Galileo's Sugar Bowl

By Bob Berman|Saturday, August 01, 1992
When Galileo aimed his first telescope at Saturn he must have done a double take. Something was very peculiar about the shape of this slowest-moving planet: it seemed to consist not of one body but of three. With his primitive telescope, however, he couldn’t quite figure out what was really there.

He never did. His years of drawings depict a ball with ears attached, like a sugar bowl with two handles. It wasn’t until a half- century later (when telescopes approached the quality of today’s $100 department store variety) that something never before seen in nature astounded the world: a globe surrounded by unattached rings.

Right now, every telescope owner has the chance to discover what is arguably the most beautiful sight in the heavens at its best. Saturn floats in Capricornus, where Galileo first saw it, with its rings oriented just as they were back on that night in 1610. We can see exactly what Galileo saw, but with far better instruments.

For the past five years Saturn has been inching along the most southerly part of its 29.5-year orbit, condemning European and North American observers to view it through the blurry thick air near the horizon. Now, as it gets higher in the sky, it offers better prospects for the steady imagery vital for planetary viewing.

This month it’s closest to Earth, at its brightest and biggest, and visible most of the night. And its rings, which keep changing their orientation toward us, are now nicely tilted for our inspection. By the mid-1990s, however, they’ll appear edgewise. So this summer offers the best Saturn viewing until the century’s end.

Finding Saturn is no problem, even for those who experience consternation from constellations. Saturn now loiters in one of the zodiac’s bleakest sections, the dark alleyway that runs from Capricornus to Aries. With not a brilliant star in that whole district, Saturn’s brightness is a dead giveaway. Facing southeast, you’ll see it low but rising as darkness falls.

If the stars are really twinkling, resign yourself to a blurry night for planet watching. The same atmospheric conditions that make stars appear to shimmer frantically make planets seem as though they’re being viewed through boiling water. But if the stars are relatively steady, grab your scope. Don’t be put off by haze or even thin clouds. Bright city lights won’t interfere either; an urban site is fine for Saturn.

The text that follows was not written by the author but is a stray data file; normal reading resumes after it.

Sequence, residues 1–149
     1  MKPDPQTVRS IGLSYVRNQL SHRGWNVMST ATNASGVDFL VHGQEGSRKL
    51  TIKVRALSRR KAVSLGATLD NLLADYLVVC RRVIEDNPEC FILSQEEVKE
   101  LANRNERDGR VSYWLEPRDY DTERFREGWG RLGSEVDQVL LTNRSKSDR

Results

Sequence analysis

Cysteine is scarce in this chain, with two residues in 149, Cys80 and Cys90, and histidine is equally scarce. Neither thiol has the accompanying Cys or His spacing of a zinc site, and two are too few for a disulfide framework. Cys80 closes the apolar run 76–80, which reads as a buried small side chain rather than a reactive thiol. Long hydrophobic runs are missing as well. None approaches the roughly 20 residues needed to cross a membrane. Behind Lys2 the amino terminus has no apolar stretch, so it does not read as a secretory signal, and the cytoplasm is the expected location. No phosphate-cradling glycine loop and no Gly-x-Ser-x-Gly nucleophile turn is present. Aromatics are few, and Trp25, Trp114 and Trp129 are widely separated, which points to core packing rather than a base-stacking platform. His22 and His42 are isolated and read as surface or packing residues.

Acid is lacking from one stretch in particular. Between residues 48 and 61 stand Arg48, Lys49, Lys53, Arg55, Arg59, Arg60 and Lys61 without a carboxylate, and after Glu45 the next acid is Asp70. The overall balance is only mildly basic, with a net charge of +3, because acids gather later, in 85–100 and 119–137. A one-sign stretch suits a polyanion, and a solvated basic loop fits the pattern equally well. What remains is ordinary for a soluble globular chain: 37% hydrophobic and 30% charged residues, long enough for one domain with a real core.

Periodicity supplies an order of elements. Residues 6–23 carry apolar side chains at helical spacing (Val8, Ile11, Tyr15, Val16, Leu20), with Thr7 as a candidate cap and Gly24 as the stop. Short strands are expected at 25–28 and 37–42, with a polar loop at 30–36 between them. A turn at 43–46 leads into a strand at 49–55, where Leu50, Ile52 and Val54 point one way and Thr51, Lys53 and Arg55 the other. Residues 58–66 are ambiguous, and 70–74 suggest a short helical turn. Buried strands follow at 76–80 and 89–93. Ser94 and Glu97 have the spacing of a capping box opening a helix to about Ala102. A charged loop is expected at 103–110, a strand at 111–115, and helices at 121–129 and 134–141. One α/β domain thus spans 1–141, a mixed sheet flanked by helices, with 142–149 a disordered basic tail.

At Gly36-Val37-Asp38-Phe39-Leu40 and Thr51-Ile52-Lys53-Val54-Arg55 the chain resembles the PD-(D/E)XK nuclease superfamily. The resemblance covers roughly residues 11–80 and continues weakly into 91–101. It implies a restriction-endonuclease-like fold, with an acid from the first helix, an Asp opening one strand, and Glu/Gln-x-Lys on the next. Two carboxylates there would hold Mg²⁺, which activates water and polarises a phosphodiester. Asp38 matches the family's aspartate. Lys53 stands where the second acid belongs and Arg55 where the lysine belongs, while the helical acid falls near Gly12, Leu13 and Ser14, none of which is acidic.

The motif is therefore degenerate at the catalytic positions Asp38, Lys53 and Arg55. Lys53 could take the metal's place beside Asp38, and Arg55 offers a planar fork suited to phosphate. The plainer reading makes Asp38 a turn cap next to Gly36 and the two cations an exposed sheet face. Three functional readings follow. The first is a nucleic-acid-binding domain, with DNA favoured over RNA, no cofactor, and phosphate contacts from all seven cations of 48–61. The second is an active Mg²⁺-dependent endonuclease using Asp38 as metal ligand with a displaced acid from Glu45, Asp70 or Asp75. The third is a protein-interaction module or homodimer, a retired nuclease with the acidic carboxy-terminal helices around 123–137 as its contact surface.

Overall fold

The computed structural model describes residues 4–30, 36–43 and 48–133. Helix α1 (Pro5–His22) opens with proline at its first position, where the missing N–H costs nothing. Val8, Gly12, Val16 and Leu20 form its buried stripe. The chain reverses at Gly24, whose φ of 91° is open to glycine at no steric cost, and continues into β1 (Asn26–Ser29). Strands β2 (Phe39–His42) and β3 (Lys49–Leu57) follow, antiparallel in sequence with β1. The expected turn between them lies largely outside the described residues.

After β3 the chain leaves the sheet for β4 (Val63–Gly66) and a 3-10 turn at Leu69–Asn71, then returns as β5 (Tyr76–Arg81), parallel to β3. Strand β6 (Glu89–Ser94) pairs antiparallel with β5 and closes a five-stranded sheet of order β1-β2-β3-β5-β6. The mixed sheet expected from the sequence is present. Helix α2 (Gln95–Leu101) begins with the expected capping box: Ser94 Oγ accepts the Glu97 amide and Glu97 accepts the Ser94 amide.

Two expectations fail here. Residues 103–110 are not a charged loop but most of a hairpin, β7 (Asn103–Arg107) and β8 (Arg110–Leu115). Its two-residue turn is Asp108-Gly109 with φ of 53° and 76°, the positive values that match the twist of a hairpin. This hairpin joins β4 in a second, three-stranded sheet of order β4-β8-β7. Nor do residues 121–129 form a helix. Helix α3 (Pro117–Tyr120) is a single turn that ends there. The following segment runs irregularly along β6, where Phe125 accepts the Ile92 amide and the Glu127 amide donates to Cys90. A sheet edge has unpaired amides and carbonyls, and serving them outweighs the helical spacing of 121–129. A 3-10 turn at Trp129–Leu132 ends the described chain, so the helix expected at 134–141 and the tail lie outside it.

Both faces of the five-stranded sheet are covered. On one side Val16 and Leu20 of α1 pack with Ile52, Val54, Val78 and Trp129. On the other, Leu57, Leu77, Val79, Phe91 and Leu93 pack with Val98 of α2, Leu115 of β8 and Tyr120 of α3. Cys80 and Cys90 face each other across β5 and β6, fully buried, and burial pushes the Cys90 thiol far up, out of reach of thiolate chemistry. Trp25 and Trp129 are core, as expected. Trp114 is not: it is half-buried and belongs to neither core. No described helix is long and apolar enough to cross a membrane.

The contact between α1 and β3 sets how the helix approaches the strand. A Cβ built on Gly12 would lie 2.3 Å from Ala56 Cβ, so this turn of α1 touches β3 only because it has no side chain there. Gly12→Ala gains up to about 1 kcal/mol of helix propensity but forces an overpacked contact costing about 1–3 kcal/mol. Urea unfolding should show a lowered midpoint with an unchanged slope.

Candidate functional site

Even modest telescopes reveal that the planet is every bit as beautiful--and as odd--as Galileo thought. For starters, Saturn appears decidedly oval, unlike the perfectly round sun and moon we’re accustomed to. It’s squashed at the poles because it’s the fluffiest planet, only 70 percent as dense as water. The planet’s lightweight substance is hurled equatorially outward by its rapid ten-hour rotation. The resulting bulge looks impressive, even through a small telescope perched nearly a billion miles away.

It’s fun to experiment with different magnifications while looking for the Cassini division, the jet black split between the rings. Or to count Saturn’s moons. Five or six of these adjacent little stars are easy to spot through a six-inch scope. Brightest is Titan, the only satellite with a substantial atmosphere.

Sometimes people claim to sort of see the rings with the naked eye. Depending on how polite you want to be, tell them no way. Which is also the best reply if someone tries to talk you out of viewing Saturn during this glorious season of its closest approach.
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